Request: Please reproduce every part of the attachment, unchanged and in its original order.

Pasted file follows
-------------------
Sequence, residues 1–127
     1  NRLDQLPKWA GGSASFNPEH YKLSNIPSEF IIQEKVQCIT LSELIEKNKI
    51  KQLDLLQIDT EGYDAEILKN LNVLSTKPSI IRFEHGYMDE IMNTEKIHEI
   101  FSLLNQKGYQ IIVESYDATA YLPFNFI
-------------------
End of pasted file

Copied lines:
Sequence, residues 1–127
     1  NRLDQLPKWA GGSASFNPEH YKLSNIPSEF IIQEKVQCIT LSELIEKNKI
    51  KQLDLLQIDT EGYDAEILKN LNVLSTKPSI IRFEHGYMDE IMNTEKIHEI
   101  FSLLNQKGYQ IIVESYDATA YLPFNFI